This regulation is for the advantage of tradesmen, while it makes foreigners think twice before they contract any debts.

The next day I took a letter of introduction to M. Pietro Ivanovitch Melissino, colonel and afterwards general of artillery. The letter was written by Madame da Loglio, who was very intimate with Melissino. I was most politely welcomed, and after presenting me to his pleasant wife, he asked me once for all to sup with him every night. The house was managed in the French style, and both play and supper were conducted without any ceremony. I met there Melissino's elder brother, the procurator of the Holy Synod and husband of the Princess Dolgorouki. Faro went on, and the company was composed of trustworthy persons who neither boasted of their gains nor bewailed their losses to anyone, and so there was no fear of the Government discovering this infrigement of the law against gaming. The bank was held by Baron Lefort, son of the celebrated admiral of Peter the Great. Lefort was an example of the inconstancy of fortune; he was then in disgrace on account of a lottery which he had held at Moscow to celebrate the coronation of the empress, who had furnished him with the necessary funds. The lottery had been broken and the fact was attributed to the baron's supposed dishonesty.

I played for small stakes and won a few roubles. I made friends with Baron Lefort at supper, and he afterwards told me of the vicissitudes he had experienced.

As I was praising the noble calmness with which a certain prince had lost a thousand roubles to him, he laughed and said that the fine gamester I had mentioned played upon credit but never paid.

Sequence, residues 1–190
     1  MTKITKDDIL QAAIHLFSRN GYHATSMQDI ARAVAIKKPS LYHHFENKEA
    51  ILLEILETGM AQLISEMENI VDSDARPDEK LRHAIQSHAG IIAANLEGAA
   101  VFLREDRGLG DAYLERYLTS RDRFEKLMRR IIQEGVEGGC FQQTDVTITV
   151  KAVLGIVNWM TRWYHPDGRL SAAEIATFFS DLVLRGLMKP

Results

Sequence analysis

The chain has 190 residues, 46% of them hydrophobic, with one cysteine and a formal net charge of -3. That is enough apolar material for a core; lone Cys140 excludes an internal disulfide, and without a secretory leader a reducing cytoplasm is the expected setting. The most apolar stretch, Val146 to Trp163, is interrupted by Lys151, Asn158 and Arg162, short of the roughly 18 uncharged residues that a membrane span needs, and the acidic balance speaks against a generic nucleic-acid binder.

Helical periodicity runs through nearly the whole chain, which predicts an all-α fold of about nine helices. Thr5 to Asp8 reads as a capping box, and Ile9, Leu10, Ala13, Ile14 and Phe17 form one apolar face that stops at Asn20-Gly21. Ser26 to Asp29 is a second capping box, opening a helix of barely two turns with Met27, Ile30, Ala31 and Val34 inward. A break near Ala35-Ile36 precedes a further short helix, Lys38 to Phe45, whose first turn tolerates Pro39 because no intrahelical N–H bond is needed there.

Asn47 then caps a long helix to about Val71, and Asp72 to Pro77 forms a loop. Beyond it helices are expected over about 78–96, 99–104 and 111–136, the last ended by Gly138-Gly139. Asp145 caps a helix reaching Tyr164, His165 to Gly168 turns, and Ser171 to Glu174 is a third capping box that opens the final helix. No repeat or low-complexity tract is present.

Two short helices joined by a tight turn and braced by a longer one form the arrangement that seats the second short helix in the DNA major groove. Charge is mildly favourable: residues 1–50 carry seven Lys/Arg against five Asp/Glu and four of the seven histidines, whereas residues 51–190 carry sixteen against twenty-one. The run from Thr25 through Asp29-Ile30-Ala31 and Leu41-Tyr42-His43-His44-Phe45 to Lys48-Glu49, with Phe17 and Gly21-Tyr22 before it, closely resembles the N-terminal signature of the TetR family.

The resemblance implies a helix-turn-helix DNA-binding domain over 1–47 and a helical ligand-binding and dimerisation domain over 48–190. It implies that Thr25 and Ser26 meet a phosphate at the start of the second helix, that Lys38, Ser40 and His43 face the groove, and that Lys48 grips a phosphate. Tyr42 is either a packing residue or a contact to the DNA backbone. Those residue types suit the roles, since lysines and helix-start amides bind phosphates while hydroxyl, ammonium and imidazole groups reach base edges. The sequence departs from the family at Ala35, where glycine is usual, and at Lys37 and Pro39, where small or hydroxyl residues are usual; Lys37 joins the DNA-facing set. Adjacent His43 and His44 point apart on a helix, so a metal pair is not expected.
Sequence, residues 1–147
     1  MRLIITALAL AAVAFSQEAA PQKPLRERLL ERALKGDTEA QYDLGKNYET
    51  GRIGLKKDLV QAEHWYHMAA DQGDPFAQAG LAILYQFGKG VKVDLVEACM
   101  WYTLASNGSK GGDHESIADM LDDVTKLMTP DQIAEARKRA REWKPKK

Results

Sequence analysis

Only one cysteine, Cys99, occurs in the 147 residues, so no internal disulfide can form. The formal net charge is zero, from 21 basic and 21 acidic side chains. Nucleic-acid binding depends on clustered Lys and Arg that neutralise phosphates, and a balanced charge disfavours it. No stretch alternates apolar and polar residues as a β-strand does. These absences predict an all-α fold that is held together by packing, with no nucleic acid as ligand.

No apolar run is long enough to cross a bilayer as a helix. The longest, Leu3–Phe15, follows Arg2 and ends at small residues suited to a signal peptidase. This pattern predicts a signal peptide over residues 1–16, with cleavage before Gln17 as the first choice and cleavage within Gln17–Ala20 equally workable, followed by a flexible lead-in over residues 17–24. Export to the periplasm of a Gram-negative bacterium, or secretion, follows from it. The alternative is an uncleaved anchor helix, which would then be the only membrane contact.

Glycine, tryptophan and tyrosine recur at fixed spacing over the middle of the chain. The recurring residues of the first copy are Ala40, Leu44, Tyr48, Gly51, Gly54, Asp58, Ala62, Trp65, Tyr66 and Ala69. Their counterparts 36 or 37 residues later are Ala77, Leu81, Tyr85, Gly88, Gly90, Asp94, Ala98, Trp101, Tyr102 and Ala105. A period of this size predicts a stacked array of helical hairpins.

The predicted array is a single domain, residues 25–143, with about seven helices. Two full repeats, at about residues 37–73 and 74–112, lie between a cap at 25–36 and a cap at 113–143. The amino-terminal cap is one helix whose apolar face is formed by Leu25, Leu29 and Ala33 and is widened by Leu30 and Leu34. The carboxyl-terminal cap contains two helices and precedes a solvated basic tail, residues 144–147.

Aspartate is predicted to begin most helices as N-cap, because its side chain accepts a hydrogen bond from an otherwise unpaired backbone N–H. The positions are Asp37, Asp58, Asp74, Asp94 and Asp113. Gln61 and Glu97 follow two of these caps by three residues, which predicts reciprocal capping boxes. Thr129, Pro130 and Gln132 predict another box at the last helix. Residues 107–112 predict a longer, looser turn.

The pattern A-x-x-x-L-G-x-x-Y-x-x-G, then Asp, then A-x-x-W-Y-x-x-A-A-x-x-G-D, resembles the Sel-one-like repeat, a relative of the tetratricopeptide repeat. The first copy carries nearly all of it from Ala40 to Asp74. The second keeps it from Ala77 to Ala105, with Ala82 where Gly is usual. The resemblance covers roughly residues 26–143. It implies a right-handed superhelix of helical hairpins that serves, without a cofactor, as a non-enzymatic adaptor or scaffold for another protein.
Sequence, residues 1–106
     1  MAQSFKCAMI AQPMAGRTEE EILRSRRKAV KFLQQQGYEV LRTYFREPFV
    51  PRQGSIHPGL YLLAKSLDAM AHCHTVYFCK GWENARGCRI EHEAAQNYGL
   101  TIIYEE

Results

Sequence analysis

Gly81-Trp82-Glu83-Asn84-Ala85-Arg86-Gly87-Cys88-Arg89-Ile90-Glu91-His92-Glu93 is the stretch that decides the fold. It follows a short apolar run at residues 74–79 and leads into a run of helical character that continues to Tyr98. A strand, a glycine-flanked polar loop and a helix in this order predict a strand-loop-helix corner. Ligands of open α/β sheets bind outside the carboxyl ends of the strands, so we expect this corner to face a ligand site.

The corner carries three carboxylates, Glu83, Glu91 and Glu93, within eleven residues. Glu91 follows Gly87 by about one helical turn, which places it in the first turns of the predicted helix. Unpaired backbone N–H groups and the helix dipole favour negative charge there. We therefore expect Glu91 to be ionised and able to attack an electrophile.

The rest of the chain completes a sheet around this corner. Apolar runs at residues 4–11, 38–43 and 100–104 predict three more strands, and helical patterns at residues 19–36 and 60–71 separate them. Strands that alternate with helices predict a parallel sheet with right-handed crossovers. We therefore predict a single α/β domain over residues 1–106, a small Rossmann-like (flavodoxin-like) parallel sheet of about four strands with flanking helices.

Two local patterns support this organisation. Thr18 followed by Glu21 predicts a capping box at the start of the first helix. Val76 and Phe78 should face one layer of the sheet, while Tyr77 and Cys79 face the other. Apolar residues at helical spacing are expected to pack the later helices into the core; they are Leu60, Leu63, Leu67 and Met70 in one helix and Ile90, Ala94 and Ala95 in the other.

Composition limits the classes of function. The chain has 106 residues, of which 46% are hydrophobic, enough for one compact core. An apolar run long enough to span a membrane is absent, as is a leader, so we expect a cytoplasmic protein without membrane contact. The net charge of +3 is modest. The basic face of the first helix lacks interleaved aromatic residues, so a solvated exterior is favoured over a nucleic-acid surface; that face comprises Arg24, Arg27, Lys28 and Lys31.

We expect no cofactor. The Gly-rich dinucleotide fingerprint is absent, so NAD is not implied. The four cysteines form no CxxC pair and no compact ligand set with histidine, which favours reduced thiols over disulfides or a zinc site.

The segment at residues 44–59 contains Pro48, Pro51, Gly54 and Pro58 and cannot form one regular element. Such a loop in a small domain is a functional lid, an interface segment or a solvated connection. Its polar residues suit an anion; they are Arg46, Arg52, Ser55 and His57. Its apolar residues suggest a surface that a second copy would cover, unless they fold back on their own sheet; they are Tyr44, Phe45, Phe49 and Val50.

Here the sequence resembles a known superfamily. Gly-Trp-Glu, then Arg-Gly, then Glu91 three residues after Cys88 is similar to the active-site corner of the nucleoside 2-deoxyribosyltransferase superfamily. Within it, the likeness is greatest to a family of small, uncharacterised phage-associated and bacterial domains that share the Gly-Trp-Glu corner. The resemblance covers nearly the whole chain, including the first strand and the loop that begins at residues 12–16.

"How about his honour?"

"It is not affected by the non-payment of gaming debts. It is an understood thing in Russia that one who plays on credit and loses may pay or not pay as he wishes, and the winner only makes himself ridiculous by reminding the loser of his debt."

"Then the holder of the bank has the right to refuse to accept bets which are not backed by ready money."

"Certainly; and nobody has a right to be offended with him for doing so. Gaming is in a very bad state in Russia. I know young men of the highest rank whose chief boast is that they know how to conquer fortune; that is, to cheat. One of the Matuschkins goes so far as to challenge all foreign cheats to master him. He has just received permission to travel for three years, and it is an open secret that he wishes to travel that he may exercise his skill. He intends returning to Russia laden with the spoils of the dupes he has made."

A young officer of the guards named Zinowieff, a relation of the Orloffs, whom I had met at Melissino's, introduced me to Macartney, the English ambassador, a young man of parts and fond of pleasure. He had fallen in love with a young lady of the Chitroff family, and maid of honour to the empress, and finding his affection reciprocated a baby was the result. The empress disapproved strongly of this piece of English freedom, and had the ambassador recalled, though she forgave her maid of honour. This forgiveness was attributed to the young lady's skill in dancing. I knew the brother of this lady, a fine and intelligent young officer. I had the good fortune to be admitted to the Court, and there I had the pleasure of seeing Mdlle. Chitroff dancing, and also Mdlle. Sievers, now Princesss, whom I saw again at Dresden four years ago with her daughter, an extremely genteel young princess. I was enchanted with Mdlle. Sievers, and felt quite in love with her; but as we were never introduced I had no opportunity of declaring my passion. Putini, the castrato, was high in her favour, as indeed he deserved to be, both for his talents and the beauties of his person.

The worthy Papanelopulo introduced me to Alsuwieff, one of the ministers, a man of wit and letters, and only one of the kind whom I met in Russia. He had been an industrious student at the University of Upsala, and loved wine, women, and good cheer.

Memoirs of Casanova Volume 5e Russia and Poland Page 09

Memoirs of Jacques Casanova

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